Home Depot's same-store sales blew past Wall Street estimates, boosted by repairs after devastating hurricanes and wildfires.
Revenue from Hurricanes Harvey and Irma added roughly $282 million to the sales total for the third quarter, the company said Tuesday. As the number of customer transactions increased, shoppers on average have also been spending more across Home Depot stores.
The Atlanta-based retailer has raised its full-year sales and earnings outlook, based on its projected "hurricane recovery" sales.
Home Depot shares were climbing less than 1 percent Tuesday morning on the news.
Here's what Home Depot reported, compared with what analysts surveyed by Thomson Reuters were expecting:
"Though this quarter was marked by an unprecedented number of natural disasters, including multiple hurricanes, wildfires in the West, and earthquakes in Mexico, the underlying health of our core business remains solid," CEO Craig Menear said in a statement.
Net income climbed to $2.17 billion, or $1.84 a share, in the fiscal third quarter, compared with $1.97 billion, or $1.60 per share, a year ago.
Revenue was up 8 percent, to $25.03 billion, as Home Depot's sales per square foot also grew nearly 8 percent year over year. Shoppers' average ticket was 5 percent higher, and customer transactions increased by 2.5 percent.
Total same-store sales climbed an impressive 7.9 percent during the latest period, easily outpacing analysts' estimates. Comparable sales for Home Depot's U.S. stores were up 7.7 percent.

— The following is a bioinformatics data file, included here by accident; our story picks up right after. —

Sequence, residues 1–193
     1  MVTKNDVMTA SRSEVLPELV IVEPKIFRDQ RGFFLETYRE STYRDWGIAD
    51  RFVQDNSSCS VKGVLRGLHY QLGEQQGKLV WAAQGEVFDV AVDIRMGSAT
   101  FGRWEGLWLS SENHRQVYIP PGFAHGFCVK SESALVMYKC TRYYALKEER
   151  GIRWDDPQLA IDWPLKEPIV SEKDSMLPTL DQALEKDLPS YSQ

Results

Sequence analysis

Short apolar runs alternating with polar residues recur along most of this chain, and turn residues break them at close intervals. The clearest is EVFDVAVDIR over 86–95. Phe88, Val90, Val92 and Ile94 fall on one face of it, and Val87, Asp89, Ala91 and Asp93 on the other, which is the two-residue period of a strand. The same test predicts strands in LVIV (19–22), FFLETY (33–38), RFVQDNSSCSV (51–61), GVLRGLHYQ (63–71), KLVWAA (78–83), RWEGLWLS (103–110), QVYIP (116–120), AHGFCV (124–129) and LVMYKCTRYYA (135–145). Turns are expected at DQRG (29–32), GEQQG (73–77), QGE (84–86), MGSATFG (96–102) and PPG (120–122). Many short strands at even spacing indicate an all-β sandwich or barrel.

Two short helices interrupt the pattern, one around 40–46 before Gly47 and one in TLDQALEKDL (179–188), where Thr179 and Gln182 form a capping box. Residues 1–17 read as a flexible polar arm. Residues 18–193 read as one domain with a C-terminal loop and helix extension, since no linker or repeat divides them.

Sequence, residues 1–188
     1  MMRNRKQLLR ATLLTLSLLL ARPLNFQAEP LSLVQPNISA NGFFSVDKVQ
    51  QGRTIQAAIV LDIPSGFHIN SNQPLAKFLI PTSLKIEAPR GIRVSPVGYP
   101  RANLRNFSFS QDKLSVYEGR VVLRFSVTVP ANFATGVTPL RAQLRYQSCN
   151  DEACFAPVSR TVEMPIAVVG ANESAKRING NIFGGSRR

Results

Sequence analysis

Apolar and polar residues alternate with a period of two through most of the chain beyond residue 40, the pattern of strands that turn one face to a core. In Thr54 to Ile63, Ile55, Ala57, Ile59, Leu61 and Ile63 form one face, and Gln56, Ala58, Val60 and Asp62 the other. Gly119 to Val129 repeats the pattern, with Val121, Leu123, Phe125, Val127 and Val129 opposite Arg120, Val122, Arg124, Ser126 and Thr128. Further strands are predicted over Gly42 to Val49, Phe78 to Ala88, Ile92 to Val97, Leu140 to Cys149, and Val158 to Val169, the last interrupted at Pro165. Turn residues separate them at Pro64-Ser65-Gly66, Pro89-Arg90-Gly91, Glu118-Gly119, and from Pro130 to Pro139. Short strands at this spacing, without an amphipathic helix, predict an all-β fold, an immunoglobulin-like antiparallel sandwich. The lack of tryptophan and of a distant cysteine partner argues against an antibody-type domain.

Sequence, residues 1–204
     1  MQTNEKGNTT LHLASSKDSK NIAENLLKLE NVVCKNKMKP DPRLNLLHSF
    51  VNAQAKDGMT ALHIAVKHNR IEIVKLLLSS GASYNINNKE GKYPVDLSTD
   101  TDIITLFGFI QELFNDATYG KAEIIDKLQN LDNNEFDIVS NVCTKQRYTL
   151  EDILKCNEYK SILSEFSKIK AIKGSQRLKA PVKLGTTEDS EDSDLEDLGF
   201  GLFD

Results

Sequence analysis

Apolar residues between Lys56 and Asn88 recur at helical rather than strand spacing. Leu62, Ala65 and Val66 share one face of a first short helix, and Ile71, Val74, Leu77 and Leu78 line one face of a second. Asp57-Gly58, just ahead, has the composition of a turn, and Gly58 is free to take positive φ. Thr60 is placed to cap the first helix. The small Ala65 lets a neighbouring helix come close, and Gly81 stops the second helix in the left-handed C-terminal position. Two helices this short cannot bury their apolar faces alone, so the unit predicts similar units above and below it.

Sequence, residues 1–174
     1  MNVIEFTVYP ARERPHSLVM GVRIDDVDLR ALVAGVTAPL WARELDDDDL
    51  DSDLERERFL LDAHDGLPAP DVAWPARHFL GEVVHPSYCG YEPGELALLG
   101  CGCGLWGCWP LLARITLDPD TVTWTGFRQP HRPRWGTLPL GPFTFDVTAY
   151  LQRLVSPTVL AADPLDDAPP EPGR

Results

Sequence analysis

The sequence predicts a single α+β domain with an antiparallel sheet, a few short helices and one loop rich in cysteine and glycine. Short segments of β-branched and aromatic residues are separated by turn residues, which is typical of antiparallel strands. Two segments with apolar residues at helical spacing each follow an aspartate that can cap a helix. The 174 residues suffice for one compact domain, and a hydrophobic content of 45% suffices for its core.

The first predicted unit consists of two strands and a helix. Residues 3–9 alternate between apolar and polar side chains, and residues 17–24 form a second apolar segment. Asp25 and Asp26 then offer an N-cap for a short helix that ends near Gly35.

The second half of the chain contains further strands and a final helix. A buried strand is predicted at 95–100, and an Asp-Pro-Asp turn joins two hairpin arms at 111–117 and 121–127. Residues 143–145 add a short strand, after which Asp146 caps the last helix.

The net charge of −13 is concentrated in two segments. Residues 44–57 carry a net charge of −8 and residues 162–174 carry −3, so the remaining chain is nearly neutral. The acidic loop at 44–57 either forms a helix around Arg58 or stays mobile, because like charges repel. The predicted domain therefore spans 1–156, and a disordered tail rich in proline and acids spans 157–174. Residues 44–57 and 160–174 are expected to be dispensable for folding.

Updating its outlook for the complete fiscal year, Home Depot now expects total sales to increase 6.3 percent, up from a projected 5.3 percent. Comparable sales are now predicted to climb 6.5 percent versus prior estimates of 5.5 percent.
The home improvement retailer has also raised its full-year profit outlook and is predicting to earn $7.36 a share, up from its previous forecast of $7.29 per share.
"Home Depot's recent comparable store sales performance and improved sales and earnings guidance is a good indicator that the home improvement sector continues to paint a better outlook as it sidesteps broader retail woes," Moody's Vice President Bill Fahy said.
"Home improvement has remained a retail bright spot even as a myriad of headaches continue to afflict the broader retail industry," Fahy added.
While many retailers are struggling to grow sales, home improvement businesses such as Home Depot and Lowe's continue to outperform in luring shoppers to their stores. E-commerce platforms, including Amazon, haven't yet succeeded in amassing the same product assortments — from lumber to outdoor grills — online.
And in the aftermath of hurricanes Harvey and Irma, Home Depot and Lowe's have benefited from the sale of storm-related merchandise such as generators, batteries and rebuilding materials.
During its fiscal third quarter, Home Depot also said it saw stronger sales in expensive items including appliances, vinyl flooring and carpet. Big-ticket sales, or those transactions over $900, were up 12 percent. And Home Depot also said it saw more do-it-yourself shoppers flocking to its stores.
According to the Census Bureau's retail sales data, home improvement spending remains healthier still than most retail categories.
"Favorable economic tailwinds, especially from the housing market, look set to continue in 2018," said GlobalData Retail Managing Director Neil Saunders. "Home Depot has created a proposition that ensures it is the go-to destination online and is successfully defending its business from the rise of Amazon and other internet players."
Home Depot shares have climbed more than 20 percent in 2017. The company will hold its annual investor day on Dec. 6.